The Basic Things that Baseball and Softball Batters Do
Good things a batter can do:
- Get a hit. (See below.) He is now a runner.
- Get a free walk to first base, i.e. be patient and don't swing the bat while the pitcher (usually by mistake) throws four balls (not necessarily consecutively) outside of the strike zone. He is now a runner.
- Get hit by the pitched baseball—which hurts and which I have not mentioned until now. Awarded first base, he becomes a runner.
Types of "hits":
- Hit a baseball so far that it flies over the wall in fair territory. It is a homerun. The batter (and any runners in front of him) automatically scores a run.
- Hit a baseball so hard that it bounces over the wall and is judged to be a fair-ball. He is awarded possession of second base. He is now a runner.
- Hit a baseball (that is judged to be a fair-ball) and reach any base before the defense can get him out. He is now a runner.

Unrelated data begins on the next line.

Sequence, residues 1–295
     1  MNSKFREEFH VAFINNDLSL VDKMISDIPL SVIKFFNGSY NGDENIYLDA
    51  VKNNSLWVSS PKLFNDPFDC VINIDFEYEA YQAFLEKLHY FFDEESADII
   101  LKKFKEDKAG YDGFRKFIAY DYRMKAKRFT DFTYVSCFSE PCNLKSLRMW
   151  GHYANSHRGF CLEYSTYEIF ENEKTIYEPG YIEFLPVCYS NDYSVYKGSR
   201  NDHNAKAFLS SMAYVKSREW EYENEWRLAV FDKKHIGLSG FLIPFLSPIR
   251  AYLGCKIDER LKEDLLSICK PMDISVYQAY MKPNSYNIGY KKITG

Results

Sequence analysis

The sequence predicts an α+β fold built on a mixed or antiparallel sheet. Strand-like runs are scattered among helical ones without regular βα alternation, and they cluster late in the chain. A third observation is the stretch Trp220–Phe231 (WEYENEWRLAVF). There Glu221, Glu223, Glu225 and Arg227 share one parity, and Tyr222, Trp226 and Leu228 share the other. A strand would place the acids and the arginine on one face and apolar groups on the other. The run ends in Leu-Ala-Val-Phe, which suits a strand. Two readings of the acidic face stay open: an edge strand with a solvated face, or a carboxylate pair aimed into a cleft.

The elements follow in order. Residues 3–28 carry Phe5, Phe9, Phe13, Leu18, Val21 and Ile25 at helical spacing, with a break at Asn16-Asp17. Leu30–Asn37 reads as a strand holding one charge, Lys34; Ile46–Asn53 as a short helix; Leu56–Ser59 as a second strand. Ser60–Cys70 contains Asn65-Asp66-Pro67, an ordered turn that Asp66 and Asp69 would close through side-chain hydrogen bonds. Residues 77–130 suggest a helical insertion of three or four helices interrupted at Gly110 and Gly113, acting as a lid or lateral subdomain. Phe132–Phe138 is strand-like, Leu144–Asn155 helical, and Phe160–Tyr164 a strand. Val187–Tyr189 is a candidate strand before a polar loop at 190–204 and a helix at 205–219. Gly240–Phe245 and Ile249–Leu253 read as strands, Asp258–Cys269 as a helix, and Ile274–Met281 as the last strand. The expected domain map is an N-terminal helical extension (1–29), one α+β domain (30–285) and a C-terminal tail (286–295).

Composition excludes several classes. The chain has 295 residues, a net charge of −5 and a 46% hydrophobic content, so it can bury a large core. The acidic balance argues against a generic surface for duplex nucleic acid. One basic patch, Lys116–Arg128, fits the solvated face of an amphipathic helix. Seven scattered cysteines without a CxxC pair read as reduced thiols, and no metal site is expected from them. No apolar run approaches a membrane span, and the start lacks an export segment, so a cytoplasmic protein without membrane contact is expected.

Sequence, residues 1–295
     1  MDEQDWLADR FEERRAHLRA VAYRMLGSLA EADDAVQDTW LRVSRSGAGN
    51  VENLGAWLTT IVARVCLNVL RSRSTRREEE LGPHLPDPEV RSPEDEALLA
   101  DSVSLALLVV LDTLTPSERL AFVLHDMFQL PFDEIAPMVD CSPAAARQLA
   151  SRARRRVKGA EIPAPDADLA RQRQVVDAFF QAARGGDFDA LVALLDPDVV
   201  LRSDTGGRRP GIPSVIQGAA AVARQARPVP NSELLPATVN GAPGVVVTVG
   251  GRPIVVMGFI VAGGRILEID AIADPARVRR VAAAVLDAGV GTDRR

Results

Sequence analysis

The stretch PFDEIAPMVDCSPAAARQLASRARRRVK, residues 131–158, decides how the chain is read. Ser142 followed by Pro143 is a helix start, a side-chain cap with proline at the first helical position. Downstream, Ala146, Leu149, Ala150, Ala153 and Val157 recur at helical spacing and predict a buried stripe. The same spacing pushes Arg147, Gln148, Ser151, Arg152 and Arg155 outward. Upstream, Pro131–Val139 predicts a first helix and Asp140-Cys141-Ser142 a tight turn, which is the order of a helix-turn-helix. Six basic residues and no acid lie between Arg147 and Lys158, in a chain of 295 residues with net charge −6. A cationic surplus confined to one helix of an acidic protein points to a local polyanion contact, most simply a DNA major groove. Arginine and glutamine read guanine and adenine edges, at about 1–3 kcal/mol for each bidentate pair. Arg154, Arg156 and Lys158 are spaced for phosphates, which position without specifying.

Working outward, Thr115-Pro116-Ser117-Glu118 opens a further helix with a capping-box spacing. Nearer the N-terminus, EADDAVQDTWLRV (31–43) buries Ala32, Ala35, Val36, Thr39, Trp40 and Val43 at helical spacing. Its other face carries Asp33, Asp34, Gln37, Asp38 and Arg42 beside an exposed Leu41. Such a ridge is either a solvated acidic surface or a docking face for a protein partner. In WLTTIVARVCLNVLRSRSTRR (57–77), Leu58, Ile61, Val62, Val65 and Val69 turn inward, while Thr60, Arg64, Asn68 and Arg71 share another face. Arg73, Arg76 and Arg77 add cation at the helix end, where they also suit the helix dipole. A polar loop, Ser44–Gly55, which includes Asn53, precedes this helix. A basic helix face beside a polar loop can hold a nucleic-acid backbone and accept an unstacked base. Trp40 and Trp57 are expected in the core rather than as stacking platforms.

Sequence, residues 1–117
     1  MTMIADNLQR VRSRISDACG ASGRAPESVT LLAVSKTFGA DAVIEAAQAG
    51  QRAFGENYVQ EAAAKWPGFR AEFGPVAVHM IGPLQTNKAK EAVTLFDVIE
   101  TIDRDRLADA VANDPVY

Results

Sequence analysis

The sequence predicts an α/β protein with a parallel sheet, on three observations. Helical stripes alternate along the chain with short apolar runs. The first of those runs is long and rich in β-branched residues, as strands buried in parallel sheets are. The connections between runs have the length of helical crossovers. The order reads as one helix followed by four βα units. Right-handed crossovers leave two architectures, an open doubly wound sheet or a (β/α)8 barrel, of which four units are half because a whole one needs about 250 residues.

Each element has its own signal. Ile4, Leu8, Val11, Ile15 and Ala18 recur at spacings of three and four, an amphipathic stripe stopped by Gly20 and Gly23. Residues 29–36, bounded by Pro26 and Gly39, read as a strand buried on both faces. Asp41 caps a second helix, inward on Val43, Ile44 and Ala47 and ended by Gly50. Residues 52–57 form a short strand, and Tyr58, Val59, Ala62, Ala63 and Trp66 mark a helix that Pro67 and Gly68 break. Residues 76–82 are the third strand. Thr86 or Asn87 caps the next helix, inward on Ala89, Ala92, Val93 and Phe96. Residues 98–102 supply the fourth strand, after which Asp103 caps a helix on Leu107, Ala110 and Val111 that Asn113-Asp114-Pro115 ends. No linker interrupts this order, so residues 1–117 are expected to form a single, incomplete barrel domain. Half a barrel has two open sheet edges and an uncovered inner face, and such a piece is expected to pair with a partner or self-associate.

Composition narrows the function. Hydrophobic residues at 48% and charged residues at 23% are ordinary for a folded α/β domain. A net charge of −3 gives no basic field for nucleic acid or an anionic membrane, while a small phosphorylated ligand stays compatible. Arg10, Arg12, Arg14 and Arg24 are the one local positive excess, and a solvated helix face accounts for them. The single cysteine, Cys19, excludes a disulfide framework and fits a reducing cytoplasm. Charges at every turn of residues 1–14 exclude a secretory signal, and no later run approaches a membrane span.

The bad thing a batter (or a runner) can do is make an out, a failure to perform.
If he makes the first or second out of the half-inning, he sits down on the bench. If he makes the third out, his whole team stops playing offense and starts playing defense. (The categories of outs are listed below.)
Types of outs:
- A strike-out, comprised of any combination of three strikes, i.e., striking at any pitch, but missing it; not striking at a pitch in the strike zone; hitting a foul-ball that no one catches before it bounces, except that a foul-ball is not counted if it would be the third strike.
- A fly-out: the defense catches any baseball, fair or foul, as it flies through the air before it makes any bounce.
- Any of a variety of base-running outs: see the section on running.